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'Gazetteer of the Persian Gulf. Vol I. Historical. Part IA & IB. J G Lorimer. 1915' [‎435] (578/1782)

The record is made up of 2 volumes (1624 pages). It was created in 1915. It was written in English. The original is part of the British Library: India Office The department of the British Government to which the Government of India reported between 1858 and 1947. The successor to the Court of Directors. Records and Private Papers.

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435
The private property of the ruler, accumulated for the beuefit of his
children, consisted largely in date-plantations.
(Z&l
iisin
^ in ^
searcluiifij^
IBDIS jfe
Military and naval resources of Saiyid Sultan.
The standing- army of Saiyid Sultan was composed of about 300 armed
slaves and 1,700 Sindi, Baluchi, and Arab mercenaries ; in addition to these,
however, all Arab subjects were bound to render military service in an
emergency, while some enjoyed grants of revenue on condition of respond
ing to every call to arms, and so formed a kind of militia. It was
calculated that Saiyid Sultan, with the assistance of his brothers Sa J id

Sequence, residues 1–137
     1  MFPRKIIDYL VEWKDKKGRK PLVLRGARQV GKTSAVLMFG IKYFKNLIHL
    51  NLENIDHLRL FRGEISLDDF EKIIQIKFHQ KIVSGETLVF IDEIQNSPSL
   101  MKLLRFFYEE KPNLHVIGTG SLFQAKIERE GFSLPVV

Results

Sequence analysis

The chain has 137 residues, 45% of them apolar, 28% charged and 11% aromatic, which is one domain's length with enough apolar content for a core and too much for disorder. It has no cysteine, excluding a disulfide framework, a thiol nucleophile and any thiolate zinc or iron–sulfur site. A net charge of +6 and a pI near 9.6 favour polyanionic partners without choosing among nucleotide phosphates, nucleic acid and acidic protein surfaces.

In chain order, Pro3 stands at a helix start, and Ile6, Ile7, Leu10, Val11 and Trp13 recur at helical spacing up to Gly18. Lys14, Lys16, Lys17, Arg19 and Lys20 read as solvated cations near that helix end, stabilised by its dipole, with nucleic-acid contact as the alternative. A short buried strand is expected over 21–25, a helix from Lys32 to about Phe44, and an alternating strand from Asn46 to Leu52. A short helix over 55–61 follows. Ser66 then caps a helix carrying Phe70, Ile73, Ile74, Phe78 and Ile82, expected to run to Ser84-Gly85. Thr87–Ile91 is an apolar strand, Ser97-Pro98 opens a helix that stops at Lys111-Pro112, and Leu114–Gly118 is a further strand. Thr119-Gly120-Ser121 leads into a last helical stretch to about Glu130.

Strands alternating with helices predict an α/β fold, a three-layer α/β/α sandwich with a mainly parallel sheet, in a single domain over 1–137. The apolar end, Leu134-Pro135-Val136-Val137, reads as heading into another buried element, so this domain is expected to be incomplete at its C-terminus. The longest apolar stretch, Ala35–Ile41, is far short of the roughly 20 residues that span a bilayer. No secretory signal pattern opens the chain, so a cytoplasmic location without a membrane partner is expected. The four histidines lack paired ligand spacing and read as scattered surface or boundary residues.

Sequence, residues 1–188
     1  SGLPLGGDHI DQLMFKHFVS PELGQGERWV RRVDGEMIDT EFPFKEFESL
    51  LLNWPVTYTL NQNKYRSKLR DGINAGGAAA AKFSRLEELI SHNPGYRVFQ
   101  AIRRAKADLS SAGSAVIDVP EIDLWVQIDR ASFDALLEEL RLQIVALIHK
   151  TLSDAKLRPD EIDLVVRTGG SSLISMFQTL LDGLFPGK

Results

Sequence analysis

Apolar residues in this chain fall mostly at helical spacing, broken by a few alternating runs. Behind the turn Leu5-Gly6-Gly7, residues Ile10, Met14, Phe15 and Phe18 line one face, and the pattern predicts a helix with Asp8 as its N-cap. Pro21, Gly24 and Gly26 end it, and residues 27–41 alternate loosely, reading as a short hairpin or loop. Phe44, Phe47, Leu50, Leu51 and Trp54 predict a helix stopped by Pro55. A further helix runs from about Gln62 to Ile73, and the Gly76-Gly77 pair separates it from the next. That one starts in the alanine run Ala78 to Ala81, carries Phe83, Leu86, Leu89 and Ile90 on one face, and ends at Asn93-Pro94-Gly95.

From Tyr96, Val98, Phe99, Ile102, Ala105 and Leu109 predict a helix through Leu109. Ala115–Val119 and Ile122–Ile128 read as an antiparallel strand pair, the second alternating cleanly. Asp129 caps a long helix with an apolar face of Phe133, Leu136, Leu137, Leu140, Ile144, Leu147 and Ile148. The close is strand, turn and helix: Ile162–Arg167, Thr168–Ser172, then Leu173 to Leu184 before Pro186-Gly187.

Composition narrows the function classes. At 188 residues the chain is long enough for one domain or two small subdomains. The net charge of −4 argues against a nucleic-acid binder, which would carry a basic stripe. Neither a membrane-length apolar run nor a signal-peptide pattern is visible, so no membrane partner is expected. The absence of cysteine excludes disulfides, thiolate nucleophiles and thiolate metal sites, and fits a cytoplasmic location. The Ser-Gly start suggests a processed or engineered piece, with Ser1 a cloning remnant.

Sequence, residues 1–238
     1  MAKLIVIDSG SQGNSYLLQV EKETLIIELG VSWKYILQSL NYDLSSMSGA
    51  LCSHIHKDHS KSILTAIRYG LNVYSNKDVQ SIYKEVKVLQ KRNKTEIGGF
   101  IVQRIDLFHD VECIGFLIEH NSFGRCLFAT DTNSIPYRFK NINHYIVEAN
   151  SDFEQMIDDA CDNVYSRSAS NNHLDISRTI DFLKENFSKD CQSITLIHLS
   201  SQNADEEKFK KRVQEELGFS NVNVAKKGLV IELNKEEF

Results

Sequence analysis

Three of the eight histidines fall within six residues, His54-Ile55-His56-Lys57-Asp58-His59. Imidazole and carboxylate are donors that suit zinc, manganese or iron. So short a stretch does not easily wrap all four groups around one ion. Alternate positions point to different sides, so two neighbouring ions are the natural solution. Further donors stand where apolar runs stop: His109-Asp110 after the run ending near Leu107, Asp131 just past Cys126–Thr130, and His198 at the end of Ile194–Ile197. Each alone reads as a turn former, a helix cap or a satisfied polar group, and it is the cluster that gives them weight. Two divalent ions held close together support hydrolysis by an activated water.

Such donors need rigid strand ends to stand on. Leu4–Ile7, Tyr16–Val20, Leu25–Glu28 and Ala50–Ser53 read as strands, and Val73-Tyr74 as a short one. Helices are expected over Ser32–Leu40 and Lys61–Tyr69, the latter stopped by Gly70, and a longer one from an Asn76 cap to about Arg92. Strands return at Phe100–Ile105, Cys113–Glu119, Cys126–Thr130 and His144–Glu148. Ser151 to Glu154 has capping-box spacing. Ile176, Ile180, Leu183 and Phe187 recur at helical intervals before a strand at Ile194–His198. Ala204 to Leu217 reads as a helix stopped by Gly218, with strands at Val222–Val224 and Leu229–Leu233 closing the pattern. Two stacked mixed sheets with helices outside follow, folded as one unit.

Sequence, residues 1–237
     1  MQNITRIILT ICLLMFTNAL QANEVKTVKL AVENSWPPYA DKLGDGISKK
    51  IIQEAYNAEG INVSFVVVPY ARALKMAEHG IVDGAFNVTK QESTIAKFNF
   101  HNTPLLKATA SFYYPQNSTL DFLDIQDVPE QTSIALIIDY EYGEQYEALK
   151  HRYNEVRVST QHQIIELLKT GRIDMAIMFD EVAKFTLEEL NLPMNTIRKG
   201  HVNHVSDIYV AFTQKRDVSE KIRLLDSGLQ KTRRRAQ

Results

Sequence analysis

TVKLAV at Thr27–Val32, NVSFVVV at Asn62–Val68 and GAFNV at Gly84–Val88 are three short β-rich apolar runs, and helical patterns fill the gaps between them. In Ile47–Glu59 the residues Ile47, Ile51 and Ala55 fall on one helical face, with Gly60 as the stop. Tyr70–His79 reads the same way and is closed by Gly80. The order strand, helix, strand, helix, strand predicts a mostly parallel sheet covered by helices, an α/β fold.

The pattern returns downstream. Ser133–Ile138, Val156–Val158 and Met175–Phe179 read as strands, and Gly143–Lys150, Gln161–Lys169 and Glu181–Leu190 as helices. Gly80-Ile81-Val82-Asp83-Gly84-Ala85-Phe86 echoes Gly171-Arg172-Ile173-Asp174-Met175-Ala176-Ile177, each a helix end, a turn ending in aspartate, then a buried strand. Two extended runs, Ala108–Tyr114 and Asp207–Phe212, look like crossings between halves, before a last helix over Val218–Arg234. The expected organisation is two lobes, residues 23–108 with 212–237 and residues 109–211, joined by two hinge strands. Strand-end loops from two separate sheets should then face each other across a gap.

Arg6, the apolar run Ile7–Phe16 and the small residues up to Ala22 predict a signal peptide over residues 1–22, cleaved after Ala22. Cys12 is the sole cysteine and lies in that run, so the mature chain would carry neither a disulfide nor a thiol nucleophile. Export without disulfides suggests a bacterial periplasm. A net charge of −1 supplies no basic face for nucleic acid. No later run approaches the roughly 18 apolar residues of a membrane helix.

and Qais, could put 20,000 men in the field in J Oman; but his means of
carrying on war abroad were more restricted; and in the expedition
against Bahrain in 1802 his force only amounted to 7,000 men, of whom
2,500 were Persians.
The strength of his fleet is uncertain,* but it must have been relatively
powerful; for, though he could not entirely protect his long coast line
against the great maritime combination which the Wahhabis raised
against him, he never apparently hesitated to seek out and bring to action
his enemies at sea.
Trade of 'Oman under Saiyid Sultan.
Mercantile
Marine.
The mercantile marine of 'Oman was at this time in a most
flourishing state, and trade had increased enormously in the later days
of the Imam Ahmad and since his death.
No less than fifteen ships of 400 to 700 tons, besides three brigs,
belonged in the time of Saiyid Sultan to the port of Masqat alone, while
Sur was the headquarters of a fleet of a hundred sea-going vessels of
various sizes. The largest craft made voyages to Bengal, returning by
Malaya and Batavia, or touching at places on the Malabar coast; and
commercial intercourse was maintained by vessels of inferior capacity
with the Persian Gulf Historically used by the British to refer to the sea area between the Arabian Peninsula and Iran. Often referred to as The Gulf or the Arabian Gulf. , the western coasts of India, East Africa and
even Abyssinia.
Foreign trade was on a scale corresponding with this large commercial Foreign
navy; and it was carefully protected by the local government, who
* Hi» flagship the "Gunjava" was a vessel of 1,000 tons, carrying 32 guns of
various calibres. In 1800 he had three others riggcJ and armed in the European
manner, each of more than 20 guns.
37 a
: -Vii

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Content